Volume 8 Supplement 1

Molecular Neurodegeneration: Basic biology and disease pathways

Open Access

The transcription factor XBP-1 in neurodegenerative diseases

  • Frédéric Checler1,
  • Eric Duplan1 and
  • Cristine Alves da Costa1
Molecular Neurodegeneration20138(Suppl 1):O24

https://doi.org/10.1186/1750-1326-8-S1-O24

Published: 13 September 2013

Parkinson’s disease (PD) is a neurodegenerative disorder that is either associated with an autosomal dominant or recessive mode of inheritance. The latter forms are mostly linked to mutations in the genes of parkin, Pink-1 and DJ-1. Several lines of evidence indicate that DJ-1 could act as an antioxidant while parkin has been characterized as an ubiquitin-ligase. Parkin was reported to interact physically with DJ-1 monomers in oxidative stress conditions but did not promote its ubiquitin-linked proteasomal degradation. This led us to examine whether parkin could control DJ-1 via its function as transcription factor that we documented recently [1]. We have shown [2] that parkin controls DJ-1 by a mechanism independent of its ubiquitin-ligase activity and that this regulation is abolished by PD-related pathogenic mutations. Thus, parkin increases DJ-1 promoter trans-activation, mRNA levels and protein expression via a transcriptional cascade involving p53 repression and subsequent activation of ER-stress induced X-box-binding protein-1S (XBP-1S). Then, XBP-1S physically interacts with DJ-1 promoter, thereby raising DJ-1 mRNA and protein levels. Overall, our study unravels a functional dialogue by which parkin and DJ-1 could control ER-stress response in physiopathological conditions. We will discuss the potential involvement of XBP-1 in other neurodegenerative diseases.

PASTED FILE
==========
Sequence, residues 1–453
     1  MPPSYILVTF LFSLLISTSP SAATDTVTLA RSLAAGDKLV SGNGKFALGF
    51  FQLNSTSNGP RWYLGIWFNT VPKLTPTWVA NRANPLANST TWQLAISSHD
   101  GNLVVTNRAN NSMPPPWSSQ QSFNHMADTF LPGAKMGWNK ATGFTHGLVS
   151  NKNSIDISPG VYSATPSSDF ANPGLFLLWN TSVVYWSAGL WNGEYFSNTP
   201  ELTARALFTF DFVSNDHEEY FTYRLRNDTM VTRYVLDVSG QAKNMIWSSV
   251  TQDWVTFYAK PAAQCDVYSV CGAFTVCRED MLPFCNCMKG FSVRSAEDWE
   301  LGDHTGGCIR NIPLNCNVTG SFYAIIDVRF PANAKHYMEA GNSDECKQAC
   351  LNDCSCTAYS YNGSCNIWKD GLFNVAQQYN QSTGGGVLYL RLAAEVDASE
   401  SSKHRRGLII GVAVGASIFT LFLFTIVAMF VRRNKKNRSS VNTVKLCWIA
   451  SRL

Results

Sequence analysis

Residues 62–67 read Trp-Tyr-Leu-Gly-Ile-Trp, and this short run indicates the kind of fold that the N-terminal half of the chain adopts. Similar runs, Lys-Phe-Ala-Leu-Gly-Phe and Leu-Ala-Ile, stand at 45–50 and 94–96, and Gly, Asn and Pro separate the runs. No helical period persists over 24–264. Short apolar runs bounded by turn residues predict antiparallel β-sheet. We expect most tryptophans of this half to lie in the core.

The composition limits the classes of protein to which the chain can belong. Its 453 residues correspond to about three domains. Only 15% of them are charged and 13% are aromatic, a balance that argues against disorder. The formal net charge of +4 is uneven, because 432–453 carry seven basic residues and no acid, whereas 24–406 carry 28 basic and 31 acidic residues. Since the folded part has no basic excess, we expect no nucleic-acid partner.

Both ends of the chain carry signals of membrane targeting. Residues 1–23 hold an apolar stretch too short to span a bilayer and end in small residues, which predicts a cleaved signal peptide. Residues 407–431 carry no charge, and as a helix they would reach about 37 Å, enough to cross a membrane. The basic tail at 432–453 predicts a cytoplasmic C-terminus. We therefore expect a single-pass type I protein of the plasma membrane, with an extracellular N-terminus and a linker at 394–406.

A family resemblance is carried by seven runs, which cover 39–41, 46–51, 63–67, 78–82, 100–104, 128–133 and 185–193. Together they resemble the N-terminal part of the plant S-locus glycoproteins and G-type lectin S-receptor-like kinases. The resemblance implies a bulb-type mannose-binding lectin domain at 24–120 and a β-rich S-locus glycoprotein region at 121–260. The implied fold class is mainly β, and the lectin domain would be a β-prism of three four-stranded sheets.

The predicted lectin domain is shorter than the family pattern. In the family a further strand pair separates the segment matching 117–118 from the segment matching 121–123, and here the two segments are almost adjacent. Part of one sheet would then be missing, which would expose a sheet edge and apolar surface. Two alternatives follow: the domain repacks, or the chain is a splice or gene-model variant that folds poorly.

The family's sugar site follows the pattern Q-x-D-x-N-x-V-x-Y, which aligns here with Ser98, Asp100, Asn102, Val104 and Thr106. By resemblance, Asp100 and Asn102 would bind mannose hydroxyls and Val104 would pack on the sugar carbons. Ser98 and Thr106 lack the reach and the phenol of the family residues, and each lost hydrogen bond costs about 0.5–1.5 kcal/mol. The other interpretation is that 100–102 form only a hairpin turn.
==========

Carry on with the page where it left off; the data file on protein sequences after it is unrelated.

Authors’ Affiliations

(1)
IPMC, UMR7275 CNRS/UNSA

References

  1. da Costa , et al: Nature Cell Biology. 2009, 11: 1370-1375. 10.1038/ncb1981.PubMed CentralView ArticlePubMedGoogle Scholar
  2. Duplan , et al: Journal of Cell Science. 2013, 126: 2124-2133. 10.1242/jcs.127340.View ArticlePubMedGoogle Scholar

Copyright

© Checler et al; licensee BioMed Central Ltd. 2013

This article is published under license to BioMed Central Ltd. This is an Open Access article distributed under the terms of the Creative Commons Attribution License (http://creativecommons.org/licenses/by/2.0), which permits unrestricted use, distribution, and reproduction in any medium, provided the original work is properly cited.

Advertisement